"Not merely a withering indictment of Donald Trump and his most ardent supporters, but of an entire American body politic mired in immaturity."
— Charleston Post and Courier
"A comprehensive polemic that references dozens of distinguished thinkers throughout history while offering a withering view on the maturity of this nation. . . . Wolfe’s message is that America needs to grow up. It has to look for character in its leaders and not seek simple solutions to complex problems. . . . Wolfe has produced a work that explores America’s intellectual history and analyzes the Trump phenomenon in a way that will advance the understanding of how we got in this mess."
— Splice Today
"A withering broadside against the immaturity that infests American politics, revealing itself in populism and demagoguery. Both the left and the right take it on the chin in this tough-minded analysis by Wolfe. . . . This is a persuasive and alarming book."
— Kirkus Reviews
"Wisdom is rare, political wisdom more so. Writing with characteristic lucidity and deep care for democracy’s future, Alan Wolfe’s mobilization of intellectual heroes and acute observations about popular suspicion and populist politics, narcissistic leadership and irresponsible simplification, offers an uncommon exception. By instructing and inspiring, this book’s quest for democratic maturity will stimulate rich conversation about knowledge and responsibility, not only within the academy but well beyond."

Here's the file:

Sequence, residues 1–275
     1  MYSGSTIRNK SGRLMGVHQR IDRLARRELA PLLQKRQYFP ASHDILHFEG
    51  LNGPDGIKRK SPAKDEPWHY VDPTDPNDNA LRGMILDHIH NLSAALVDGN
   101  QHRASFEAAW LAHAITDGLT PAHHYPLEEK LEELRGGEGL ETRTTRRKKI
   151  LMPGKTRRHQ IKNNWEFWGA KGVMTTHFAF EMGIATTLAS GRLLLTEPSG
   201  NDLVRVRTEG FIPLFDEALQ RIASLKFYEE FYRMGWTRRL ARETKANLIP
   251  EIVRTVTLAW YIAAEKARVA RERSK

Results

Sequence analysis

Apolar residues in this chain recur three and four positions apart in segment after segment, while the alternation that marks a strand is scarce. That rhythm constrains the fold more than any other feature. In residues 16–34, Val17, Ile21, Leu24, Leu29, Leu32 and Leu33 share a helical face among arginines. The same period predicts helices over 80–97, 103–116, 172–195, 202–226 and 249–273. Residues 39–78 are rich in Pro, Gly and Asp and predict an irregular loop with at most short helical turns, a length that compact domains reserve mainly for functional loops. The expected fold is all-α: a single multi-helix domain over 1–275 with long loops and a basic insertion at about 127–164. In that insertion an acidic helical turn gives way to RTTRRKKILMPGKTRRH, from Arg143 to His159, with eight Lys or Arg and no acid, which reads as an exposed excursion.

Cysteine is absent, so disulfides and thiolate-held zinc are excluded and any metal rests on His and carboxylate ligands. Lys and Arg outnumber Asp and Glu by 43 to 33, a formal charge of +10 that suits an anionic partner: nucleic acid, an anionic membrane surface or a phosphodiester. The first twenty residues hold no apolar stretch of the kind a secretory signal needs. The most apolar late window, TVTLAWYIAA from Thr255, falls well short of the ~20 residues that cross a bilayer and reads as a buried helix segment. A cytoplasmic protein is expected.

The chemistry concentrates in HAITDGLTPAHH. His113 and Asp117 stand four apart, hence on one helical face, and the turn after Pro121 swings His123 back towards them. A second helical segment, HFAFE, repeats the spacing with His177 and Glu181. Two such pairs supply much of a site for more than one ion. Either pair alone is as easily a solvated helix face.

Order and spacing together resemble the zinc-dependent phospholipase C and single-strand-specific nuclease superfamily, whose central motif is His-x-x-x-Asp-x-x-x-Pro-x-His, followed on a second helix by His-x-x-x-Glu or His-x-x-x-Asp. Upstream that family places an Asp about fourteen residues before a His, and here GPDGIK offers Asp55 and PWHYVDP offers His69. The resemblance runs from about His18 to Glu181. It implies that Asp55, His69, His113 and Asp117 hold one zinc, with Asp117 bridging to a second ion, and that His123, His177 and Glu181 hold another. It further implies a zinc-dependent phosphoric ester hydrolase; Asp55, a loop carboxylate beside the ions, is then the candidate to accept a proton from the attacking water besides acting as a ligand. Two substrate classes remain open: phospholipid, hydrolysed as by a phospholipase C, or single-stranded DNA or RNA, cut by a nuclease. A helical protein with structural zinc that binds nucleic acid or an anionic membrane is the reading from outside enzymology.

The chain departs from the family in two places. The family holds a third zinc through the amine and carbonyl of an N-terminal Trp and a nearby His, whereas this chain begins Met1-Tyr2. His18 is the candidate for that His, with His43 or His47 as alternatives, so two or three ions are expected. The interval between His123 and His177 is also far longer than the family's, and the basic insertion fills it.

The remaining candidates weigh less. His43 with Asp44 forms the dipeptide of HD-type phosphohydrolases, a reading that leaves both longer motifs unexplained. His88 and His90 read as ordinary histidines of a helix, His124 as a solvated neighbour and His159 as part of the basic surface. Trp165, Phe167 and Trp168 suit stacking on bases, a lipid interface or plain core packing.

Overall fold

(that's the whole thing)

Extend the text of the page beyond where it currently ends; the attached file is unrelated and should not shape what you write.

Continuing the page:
— Ira Katznelson, author of Fear Itself
"Alan Wolfe amply vindicates his position as one of our country's most valuable public intellectuals in this fascinating analysis of our current political condition. The heart of the book is a valuable reexamination of a group of prominent mid-twentieth-century intellectuals, most importantly Richard Hofstadter and Daniel Bell, and Wolfe's delineation of what he labels a 'mature liberalism' suitable for a complex political system and which he fears is lacking today. Some of his older readers will still remember those Wolfe writes about, but, like Wolfe himself, may look at them in a new light; younger readers will find an introduction to a group of thinkers who still have something to teach. For all readers, though, it will offer a chance to imbibe Wolfe's own thoughtful reflections about a country he loves and is correctly worried about."
— Sanford Levinson, An Argument Open to All: Reading the Federalist in the 21st Century
"In The Politics of Petulance, Alan Wolfe delivers a bracing piece of advice--take a look in the mirror, whether you voted for Donald Trump or no--to every American agonizing over the question of how our country came to be governed by an immature, ignorant bully. Wolfe, a longtime intellectual provocateur, has a knack for illuminating and elucidating the beating heart of his main argument--and this is especially valuable for readers who sometimes disagree with him, as I sometimes do, about particular aspects of intellectual history. His most important observation in this timely book is that Americans who waste their time disdaining Washington and blaming everyone else for Trumpism need once again to stop ignoring the better angels of our history and recognize the noble possibilities of politics."
— Susan Jacoby, author of The Age of American Unreason in a Culture of Lies